The Gulf of Guinea proved to be one of the most dangerous piracy hotpots for mariners, according to maritime intelligence agency Dryad’s maritime crime figures for Quarter 1 (January to March) of 2015.
Namely, kidnapping of crew for ransom remains the most significant threat to mariners in the region. In March 2015, eight crew were taken in three separate incidents off the shores of Rivers and Akwa Ibom States in Nigeria. Three mariners have since been released from captivity after being taken from MT Kalamos on 03 March. A crewmember died by gunfire during the incident. Another five crew were kidnapped in attacks against support vessel MV Maridive 603 and floating storage tanker MT Yoho, Dryad informed.
There have been no reported kidnappings off Bayelsa State, Nigeria in the first quarter of this year, a historical hotbed for such crime. MV Jascon 24 was attacked in late January in this area; a Nigerian naval rating was shot and killed during that incident, which was almost certainly another attempt at taking crew for ransom. The threat of kidnap in both regions of Bayelsa and Akwa Ibom’s offshore waters remains, and further attacks are likely, Dryad said.
There has been a single incident of cargo theft thus far in the Gulf of Guinea this year when maritime criminals took a small product tanker MT Mariam off the coast of Warri on 11 January. The Ghanaian Navy eventually detained the vessel on 17 January and eight armed pirates were arrested. The threat to product tankers of hijacking and theft of their cargo remains.
A further incident of note was when bulk carrier MV Ocean Splendor was fired upon and boarded by eight armed pirates over 150 NM south east of Accra, Ghana on 14 Jan. Some of the crew were assaulted as the gang ransacked the ship. Dryad believes that, given the number of pirates involved and the range at which this incident took place, it is highly probable that the gang’s initial motive for being in the area had been to target product tankers for cargo theft, with the absence of a suitable target leading to an opportunistic attack on Ocean Splendor.
Two weeks after the above incident, a large fishing vessel was hijacked 30 NM south of Takoradi, Ghana for just such a purpose. The gang had intended to use the vessel as a mother ship from which to launch attacks against tankers, but having been pursued by maritime security vessels, they left the ship. One of the crew tragically drowned as he made his escape from the gang.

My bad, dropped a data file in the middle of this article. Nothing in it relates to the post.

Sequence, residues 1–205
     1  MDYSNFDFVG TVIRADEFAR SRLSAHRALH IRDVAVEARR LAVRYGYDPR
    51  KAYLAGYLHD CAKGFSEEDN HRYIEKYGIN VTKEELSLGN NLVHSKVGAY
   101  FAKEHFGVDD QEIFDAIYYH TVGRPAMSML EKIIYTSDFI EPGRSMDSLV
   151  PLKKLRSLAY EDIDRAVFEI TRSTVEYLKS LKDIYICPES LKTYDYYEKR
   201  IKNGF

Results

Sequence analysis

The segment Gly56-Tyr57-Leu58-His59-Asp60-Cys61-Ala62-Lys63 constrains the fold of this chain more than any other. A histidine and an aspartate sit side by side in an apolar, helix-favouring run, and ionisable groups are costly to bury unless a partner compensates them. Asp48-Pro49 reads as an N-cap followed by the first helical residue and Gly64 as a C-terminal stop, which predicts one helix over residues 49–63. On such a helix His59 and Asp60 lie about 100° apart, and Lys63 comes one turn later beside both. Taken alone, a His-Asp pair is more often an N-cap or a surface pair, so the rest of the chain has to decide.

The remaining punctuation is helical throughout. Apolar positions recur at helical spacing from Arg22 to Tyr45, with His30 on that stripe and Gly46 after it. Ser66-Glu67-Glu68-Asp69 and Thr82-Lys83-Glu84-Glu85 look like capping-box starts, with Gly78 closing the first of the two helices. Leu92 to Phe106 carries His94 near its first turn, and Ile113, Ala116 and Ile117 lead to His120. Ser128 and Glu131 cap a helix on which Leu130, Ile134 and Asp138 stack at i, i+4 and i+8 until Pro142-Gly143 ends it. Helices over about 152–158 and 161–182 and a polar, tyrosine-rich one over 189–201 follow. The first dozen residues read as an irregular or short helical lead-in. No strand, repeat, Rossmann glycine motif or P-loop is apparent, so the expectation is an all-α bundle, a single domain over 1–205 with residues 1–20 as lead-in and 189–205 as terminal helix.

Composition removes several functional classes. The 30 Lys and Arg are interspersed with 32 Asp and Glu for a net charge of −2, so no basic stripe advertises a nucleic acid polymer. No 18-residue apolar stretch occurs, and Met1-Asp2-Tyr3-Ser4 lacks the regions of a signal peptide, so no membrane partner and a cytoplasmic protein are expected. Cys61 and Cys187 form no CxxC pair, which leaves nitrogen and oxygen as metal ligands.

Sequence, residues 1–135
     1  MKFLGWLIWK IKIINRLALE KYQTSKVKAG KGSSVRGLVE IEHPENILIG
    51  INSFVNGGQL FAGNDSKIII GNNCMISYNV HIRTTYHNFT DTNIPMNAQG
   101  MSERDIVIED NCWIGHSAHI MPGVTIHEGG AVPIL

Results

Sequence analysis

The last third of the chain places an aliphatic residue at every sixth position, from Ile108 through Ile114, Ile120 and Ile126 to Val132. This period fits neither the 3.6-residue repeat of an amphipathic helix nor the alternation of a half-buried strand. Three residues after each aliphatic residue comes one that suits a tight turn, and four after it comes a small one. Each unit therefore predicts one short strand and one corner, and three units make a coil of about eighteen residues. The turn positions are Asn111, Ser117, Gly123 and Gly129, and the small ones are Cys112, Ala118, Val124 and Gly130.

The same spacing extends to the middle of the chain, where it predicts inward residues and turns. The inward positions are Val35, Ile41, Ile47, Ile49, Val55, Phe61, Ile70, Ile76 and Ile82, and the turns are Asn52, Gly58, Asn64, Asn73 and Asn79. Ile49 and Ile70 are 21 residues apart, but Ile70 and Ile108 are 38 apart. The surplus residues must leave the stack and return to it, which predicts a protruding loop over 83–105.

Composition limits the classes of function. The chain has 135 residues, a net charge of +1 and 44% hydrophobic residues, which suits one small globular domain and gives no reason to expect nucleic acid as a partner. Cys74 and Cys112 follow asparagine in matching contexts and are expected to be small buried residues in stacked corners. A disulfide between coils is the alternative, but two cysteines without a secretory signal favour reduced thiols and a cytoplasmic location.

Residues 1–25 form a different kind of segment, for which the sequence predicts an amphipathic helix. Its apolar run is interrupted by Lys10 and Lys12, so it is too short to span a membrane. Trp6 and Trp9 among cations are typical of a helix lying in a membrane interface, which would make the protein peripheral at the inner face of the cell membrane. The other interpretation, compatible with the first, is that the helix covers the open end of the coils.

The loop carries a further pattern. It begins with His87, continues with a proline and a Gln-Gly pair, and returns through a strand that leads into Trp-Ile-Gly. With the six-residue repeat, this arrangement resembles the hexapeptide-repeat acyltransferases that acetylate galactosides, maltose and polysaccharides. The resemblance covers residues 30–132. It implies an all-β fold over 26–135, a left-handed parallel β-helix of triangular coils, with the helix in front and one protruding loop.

“Presidential elections held in Nigeria during the final week of March resulted in defeat for Goodluck Johnathan. Muhammadu Buhari is now tasked with fixing the economy, defeating Boko Haram, and also overcoming the corruption that is rife at all levels of authority within the country. We are unlikely to see any immediate relief in the maritime domain as the new president gets to grips with significant political and security challenges on land,” Dryad added.
There were no confirmed incidents in the Indian Ocean HRA.
Q1 has seen a rise in the number of reported incidents in South America and the Caribbean with 13 reported incidents. Maritime crime has been reported in the waters of Columbia, Venezuela, Honduras, Brazil and throughout the Caribbean.
Two of these incidents were boardings and robberies from MVs at anchor in Cartagena, Columbia. The remainder were robberies from sailing and pleasure craft. Instances of petty theft from MVs around the area are reported regularly, but not in the numbers seen in Southeast Asia.
The present economic decline in Venezuela could lead to a rise in criminal activity around the coastline. Theft from yachts and small pleasure craft, although known to happen regularly, are seldom reported on international databases.
“However, so far in 2015 we have seen a marked increase in reporting mainly from yachting websites, many of these incidents involve the use of violence. Dryad has no evidence to suggest that crime in Latin America and the Caribbean will develop in the near future to more frequent attacks on larger vessels. If it did, it would most likely resemble the majority of low-level incidents seen in Southeast Asia, rather than the more serious kidnap or hijack seen in the Gulf of Guinea or Indian Ocean,” the maritime intelligence agency said.
Dryad reported a reduction from the high number of incidents in South East Asia from 75 in Q4 2014 to 56 in Q1 2015. Although the total number of incidents are down by 36% when compared to the last quarter of 2014, there has been a continuation of attacks against vessels underway in the Singapore Strait, Dryad said.
Speaking of the Mediterranean, the ongoing humanitarian crisis is having an effect on normal shipping trading operations in the region, as more migrants from Libya venture into the seas amid extremely unstable political and military situation in the country.